The University of Manitoba's nursing faculty could require new students to pass an English language oral proficiency test as soon as September 2014. The faculty reports that 13% of applicants -- from a pool of over 600 potential students a year -- do not have English as a first language. Of those who are accepted, 23% do not have English as a first language. The faculty warns that not only is a lack of oral English proficiency a classroom problem, it can also be dangerous in the workplace. The faculty had wanted new proficiency standards in effect by the start of the 2013 academic year, but the senate bounced the proposal back for additional study, delaying implementation until at least September 2014. Winnipeg Free Press

Northern College building tipi

Last month Northern College began construction of a permanent, 700-square-foot tipi, which is scheduled to be completed in the late fall. The tipi will be accessible to Northern College learners, partners, clients, and anyone with an interest in learning more about the cultural values and traditions of Aboriginal people. The tipi will accommodate up to 30 people and will meet the needs of cultural, community, and educational activities. Stemming from the college's 2010-13 strategic operating plan, the tipi complements the significant milestones the institution has reached through its Aboriginal Focus. Northern College News Release

uWindsor, Flat World Knowledge partner in e-textbook licensing program

In a first-of-its-kind partnership with Flat World Knowledge, the largest publisher of openly-licensed college textbooks, the University of Windsor will provide students with greater access to high-quality course materials in a wide range of digital formats. As part of a pilot program studying e-textbooks, uWindsor purchased 2,000 seat licenses to Flat World Knowledge's course content. Starting this fall, all students assigned to a Flat World Knowledge textbook will have access to their course materials on the first day of class. Students will be able to download the digital material onto any computer, laptop, e-reader, tablet, or smartphone. Once students do, the content is theirs to use as long as they like. uWindsor Daily News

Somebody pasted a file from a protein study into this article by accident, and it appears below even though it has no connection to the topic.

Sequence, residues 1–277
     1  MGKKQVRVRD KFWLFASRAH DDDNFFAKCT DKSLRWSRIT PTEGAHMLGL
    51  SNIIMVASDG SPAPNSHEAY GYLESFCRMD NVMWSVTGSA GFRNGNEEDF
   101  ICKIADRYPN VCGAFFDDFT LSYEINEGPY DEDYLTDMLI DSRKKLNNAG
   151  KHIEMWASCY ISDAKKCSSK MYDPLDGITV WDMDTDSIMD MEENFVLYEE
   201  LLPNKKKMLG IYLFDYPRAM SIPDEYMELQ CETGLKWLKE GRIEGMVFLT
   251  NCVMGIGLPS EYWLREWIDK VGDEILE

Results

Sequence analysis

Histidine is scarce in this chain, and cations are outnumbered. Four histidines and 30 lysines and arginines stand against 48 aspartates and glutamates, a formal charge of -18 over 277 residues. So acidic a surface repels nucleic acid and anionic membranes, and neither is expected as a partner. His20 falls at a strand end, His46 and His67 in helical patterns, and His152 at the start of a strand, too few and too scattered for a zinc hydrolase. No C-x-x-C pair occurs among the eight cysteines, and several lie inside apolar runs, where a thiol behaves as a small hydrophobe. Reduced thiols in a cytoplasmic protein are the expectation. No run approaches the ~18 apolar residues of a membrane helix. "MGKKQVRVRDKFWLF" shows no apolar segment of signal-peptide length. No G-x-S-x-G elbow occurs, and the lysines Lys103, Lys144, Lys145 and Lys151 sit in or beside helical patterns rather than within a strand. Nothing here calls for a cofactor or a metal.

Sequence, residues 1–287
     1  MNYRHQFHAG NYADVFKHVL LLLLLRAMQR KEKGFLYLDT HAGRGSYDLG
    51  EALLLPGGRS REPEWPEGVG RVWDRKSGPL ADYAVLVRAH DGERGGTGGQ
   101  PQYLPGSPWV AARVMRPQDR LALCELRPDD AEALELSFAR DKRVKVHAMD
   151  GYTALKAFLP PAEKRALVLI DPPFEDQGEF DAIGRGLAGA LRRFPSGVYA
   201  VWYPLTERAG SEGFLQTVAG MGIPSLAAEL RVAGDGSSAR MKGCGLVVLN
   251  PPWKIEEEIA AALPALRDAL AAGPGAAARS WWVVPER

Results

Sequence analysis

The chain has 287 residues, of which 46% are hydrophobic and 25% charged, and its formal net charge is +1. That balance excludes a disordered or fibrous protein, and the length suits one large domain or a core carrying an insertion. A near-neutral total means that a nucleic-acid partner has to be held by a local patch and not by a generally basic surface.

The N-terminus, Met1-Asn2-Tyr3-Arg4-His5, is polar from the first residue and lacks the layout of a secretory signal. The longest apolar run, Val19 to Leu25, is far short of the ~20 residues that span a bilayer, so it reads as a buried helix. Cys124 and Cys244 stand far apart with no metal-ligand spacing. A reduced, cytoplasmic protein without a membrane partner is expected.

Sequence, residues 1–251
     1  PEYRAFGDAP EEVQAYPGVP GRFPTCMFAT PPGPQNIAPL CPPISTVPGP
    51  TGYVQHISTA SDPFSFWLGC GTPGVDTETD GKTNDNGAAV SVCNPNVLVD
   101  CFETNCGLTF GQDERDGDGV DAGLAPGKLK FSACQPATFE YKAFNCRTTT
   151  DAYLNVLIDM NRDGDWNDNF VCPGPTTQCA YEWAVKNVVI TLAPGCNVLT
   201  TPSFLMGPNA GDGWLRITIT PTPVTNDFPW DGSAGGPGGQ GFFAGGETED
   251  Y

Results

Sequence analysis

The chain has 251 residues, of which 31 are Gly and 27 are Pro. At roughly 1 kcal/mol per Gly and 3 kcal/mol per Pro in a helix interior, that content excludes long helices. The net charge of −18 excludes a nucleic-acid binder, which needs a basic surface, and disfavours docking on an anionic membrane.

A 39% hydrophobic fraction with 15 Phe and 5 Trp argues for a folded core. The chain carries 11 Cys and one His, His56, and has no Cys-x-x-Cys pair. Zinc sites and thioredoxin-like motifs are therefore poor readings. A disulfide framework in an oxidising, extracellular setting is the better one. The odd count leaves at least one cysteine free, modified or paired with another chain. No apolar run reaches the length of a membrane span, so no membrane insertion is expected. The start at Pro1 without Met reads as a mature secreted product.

1/3 of US colleges on financially "unsustainable" path, analysis finds

According to an analysis of nearly 1,700 public and private non-profit PSE institutions in the US, one-third of the institutions have been on an "unsustainable financial path" in recent years, and another 28% are "at risk on slipping into an unsustainable condition." At a surprising number of institutions, "operating expenses are getting higher" and "they're running out of cash to cover it," says a partner with Bain & Company, which conducted the analysis. The findings are available on an interactive website where users can type in the name of a college and see where it lies on the analysts' 9-part matrix. The methodology is based on 2 financial ratios: the "equity ratio" looks at the change in value in a college's assets, including its endowment, relative to its liabilities, and the "expense ratio" considers changes in expenses as a percentage of revenue. The Chronicle of Higher Education (free access)

Chinese students turn to social media to lodge complaints about campus services

At campuses across China, young people are voicing complaints on Renren.com -- a Facebook-like Chinese social network -- about things they are angry about on campuses, such as bland food in cafeterias, slow Internet speeds, boring classes, and poor washroom facilities. A few weeks ago Fudan University installed air conditioners in its student residences following an online campaign calling for the appliances. In a nation as tightly controlled as China, such protests demonstrate young people's increasing comfort in standing up to authority. And in a few cases, students are taking even bolder stances, participating in more public protests on issues such as gender inequality and environmental matters. The Chronicle of Higher Education (subscription required)